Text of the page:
In my response letter, should I mention that Sprint had a clerical error that I tried to resolve with them several times, but they never followed through (they actually put me on hold for an hour while they went to go get a manager to work things out with me, then hung up on me before they even picked the line back up. I went to the Sprint store and the clerk there even called in for me since she didn't have the power to do anything at the store and they hung up on the clerk too after putting her on hold).

    I could then mention that I have no intention of paying this and include a cease and desist letter.

    Should I also mention that I don't expect them to report this to the credit bureau because it's been over 7 years?

    Since they well, exceeded the 30 day limit to reply to my request, does that invalidate their claim at all?

    If someone could provide me an example of a response letter, I'd really appreciate it. It's my first time dealing with this kind of situation.

    Also, I heard that debts can be reset, even after the 7 years have passed, if the debt is passed to another creditor, so the cycle starts all over. Is that true?
    Last edited by Darla F; 10-21-2011 at 07:40 PM.
  10. #10
    Darla F is offline Junior Member
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    Bump. Can anyone help me with this? Please see questions in the post above this. Thanks.
  11. #11
    Antigone* is offline Senior Member
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    Quote Originally Posted by debtcollector` View Post
    You don't need to. The SOL in California is four years. Seven years is the limit for credit reporting.

    Send them a cease and desist letter. Keep it simple. Send it certified.
    DC
    Great advice was given to you here.
  12. #12
    Darla F is offline Junior Member
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    I understand that I need to do a cease and desist letter, but when I do a google search, so many come up. I'm not sure what to include and what not to include.

    Do I say that it's been over 7 years since Sprint sent these bills? Do I point out that it should not be put on my credit report? Do I say that the bills were originally a billing error that I originally tried to resolve with Sprint, but was ignored?

    What example of a cease and desist letter would you recommend? Do I include any personal details like what I posted above? As I said before, I'm really new to this and can use some help. I'm trying to do the right thing here and I'm really grateful for your comments. I just need a little more clarification and guidance on this.
  13. #13
    justalayman is offline Senior Member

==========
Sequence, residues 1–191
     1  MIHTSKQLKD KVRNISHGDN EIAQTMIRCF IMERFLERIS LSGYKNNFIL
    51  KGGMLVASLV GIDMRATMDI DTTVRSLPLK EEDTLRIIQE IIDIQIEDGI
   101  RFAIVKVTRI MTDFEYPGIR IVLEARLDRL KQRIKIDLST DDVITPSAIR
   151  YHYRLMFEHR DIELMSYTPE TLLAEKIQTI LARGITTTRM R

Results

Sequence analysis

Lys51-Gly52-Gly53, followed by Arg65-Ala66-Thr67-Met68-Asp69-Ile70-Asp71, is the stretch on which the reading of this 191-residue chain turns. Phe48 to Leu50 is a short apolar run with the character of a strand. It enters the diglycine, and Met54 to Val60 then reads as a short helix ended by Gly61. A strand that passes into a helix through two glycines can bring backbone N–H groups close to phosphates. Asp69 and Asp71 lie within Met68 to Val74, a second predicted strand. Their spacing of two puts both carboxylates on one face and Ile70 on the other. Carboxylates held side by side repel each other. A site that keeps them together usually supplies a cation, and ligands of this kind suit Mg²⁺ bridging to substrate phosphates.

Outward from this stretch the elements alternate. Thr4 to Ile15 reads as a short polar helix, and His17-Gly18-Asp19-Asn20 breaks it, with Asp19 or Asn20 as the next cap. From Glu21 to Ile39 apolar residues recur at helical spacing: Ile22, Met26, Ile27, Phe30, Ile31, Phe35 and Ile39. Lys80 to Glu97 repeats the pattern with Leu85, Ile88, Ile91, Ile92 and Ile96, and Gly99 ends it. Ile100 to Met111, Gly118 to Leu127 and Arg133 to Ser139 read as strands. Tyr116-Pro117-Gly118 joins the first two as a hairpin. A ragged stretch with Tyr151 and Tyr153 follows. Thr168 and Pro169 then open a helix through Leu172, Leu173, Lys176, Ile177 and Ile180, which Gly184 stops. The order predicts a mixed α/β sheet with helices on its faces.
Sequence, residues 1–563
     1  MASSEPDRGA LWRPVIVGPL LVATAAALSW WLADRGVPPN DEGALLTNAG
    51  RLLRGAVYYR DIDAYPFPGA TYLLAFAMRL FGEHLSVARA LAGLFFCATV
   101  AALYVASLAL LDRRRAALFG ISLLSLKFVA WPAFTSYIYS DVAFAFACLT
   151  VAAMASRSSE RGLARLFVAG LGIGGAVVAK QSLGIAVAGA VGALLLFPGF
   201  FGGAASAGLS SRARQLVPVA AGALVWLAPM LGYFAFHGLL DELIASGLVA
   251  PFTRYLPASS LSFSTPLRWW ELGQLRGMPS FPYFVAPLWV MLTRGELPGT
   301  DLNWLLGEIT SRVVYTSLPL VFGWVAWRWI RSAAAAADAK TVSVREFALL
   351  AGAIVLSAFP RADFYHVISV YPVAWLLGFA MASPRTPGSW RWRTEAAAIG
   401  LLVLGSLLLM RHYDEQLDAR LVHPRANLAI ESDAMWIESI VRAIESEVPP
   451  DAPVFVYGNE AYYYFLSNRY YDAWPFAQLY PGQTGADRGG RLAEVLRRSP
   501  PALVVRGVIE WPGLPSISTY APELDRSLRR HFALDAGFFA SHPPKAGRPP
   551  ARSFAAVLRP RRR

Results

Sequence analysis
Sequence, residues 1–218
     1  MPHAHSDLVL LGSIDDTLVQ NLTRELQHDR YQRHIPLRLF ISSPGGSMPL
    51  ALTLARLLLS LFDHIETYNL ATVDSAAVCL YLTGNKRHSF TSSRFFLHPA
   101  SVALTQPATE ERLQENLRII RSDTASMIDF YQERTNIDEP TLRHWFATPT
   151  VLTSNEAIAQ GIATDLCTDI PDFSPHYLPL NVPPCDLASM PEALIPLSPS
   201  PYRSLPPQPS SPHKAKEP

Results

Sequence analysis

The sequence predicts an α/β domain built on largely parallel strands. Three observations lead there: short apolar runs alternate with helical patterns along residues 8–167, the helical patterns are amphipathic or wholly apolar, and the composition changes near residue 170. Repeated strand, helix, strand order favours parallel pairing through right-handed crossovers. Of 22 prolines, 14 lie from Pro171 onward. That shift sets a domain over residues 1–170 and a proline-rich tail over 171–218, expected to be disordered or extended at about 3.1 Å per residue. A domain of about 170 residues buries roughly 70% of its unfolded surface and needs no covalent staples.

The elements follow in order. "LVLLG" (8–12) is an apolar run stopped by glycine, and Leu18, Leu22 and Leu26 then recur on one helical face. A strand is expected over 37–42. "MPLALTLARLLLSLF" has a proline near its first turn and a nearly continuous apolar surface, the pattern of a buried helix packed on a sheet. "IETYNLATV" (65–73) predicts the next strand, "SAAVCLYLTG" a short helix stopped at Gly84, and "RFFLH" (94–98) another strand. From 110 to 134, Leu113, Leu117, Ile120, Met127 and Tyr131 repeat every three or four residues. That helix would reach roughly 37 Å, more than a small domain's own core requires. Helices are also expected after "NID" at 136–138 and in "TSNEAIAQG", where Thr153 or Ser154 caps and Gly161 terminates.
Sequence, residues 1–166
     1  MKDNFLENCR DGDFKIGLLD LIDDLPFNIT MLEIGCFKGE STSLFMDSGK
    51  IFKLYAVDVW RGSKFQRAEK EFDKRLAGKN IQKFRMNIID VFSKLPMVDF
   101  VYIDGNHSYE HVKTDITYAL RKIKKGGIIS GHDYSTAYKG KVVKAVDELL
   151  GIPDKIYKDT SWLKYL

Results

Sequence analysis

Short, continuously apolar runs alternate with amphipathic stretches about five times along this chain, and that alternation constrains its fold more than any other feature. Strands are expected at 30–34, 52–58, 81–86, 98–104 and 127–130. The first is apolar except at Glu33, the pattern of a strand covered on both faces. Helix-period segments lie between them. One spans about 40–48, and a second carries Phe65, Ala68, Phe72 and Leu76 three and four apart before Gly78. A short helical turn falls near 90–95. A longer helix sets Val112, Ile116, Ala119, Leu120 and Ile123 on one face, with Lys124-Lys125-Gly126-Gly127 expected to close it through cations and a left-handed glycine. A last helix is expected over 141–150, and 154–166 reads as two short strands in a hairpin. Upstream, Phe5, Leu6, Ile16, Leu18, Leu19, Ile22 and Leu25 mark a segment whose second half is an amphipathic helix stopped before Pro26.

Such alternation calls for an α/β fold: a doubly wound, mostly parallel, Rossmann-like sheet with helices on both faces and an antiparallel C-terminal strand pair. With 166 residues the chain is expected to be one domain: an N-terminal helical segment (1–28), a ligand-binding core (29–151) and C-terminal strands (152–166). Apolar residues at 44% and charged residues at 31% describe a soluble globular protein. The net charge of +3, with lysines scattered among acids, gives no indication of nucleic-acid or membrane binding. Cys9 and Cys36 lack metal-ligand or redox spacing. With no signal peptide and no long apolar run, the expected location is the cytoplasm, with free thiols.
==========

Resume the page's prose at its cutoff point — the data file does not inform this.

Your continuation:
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    a cease and desist letter?



    do not contact me again concerning this debt.

    Darla F
    you do not need to make a letter all fancy. Too many of the letters out there have you write all kinds of unenforceable and irrelevant BS is the letters.

    Realize that a dispute letter and a demand for verification letter are different than what I stated above.
  14. #14
    Darla F is offline Junior Member
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    justalayman-

    Thanks, I totally agree, a lot of the letters I find for "cease and desist" and "verification" are quite verbose and seem unnecessarily fancy. I want to make sure I include the necessary info.

    "They cannot report anything new once you dispute the debt until they comply with the demand of validation but once that is done, they can continue to report the debt."

    So Debt Recovery Solutions can report to the credit agency again since I asked for verification of the debt and start the 7 1/2 year cycle all over again? That sucks. I was thinking that I could send the credit bureaus copies of the invoices they sent me that show the debts 8 years old if it's still on there. How does that sound? Is there anything else I can do about this old debt to make it go away? I still dispute the validity of it because of Sprints computer error. It was impossible to work with Sprint directly to resolve this.

    Also, I've only gotten two pieces of correspondence from Debt Recovery Solutions so far. One was the letter saying that they bought the debt, the other was the one with invoices. Should I wait to see if they send more letters before sending a "cease and desist" letter? It took them 9 months to even respond to my request for verification. I just ignored the last creditor for years and it didn't seem like anything was happening until they sold the debt to Debt Recovery Solutions.

    I did find this letter on the Internet which I thought sounded pretty good. Here's the body of it. What do you think? I don't want to prompt the debt collector to sue me by sending a cease and desist letter. I assume the SOL dates back to dates back to the invoices which was early 2003:

    Dear [insert collector's name or company name],

    This letter comes in response to your various attempts to contact me concerning the collection of the above referenced [account or date].

    I hereby dispute the alleged debt. I have also verified that the Statute of Limitations for enforcing the alleged debt through the courts in (insert your state AND the state in which the contract was signed) has expired. Therefore, please cease and desist all contact with me immediately.
    Last edited by Darla F; 11-12-2011 at 03:58 PM.
  15. #15
    davew128 is offline Senior Member
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    Quote Originally Posted by Darla F View Post
    Can Debt Recovery Solutions report to the credit agency again since I asked for verification of the debt and start the 7 1/2 year cycle all over again?
    CAN they? Sure. Would it be correct and legal? No.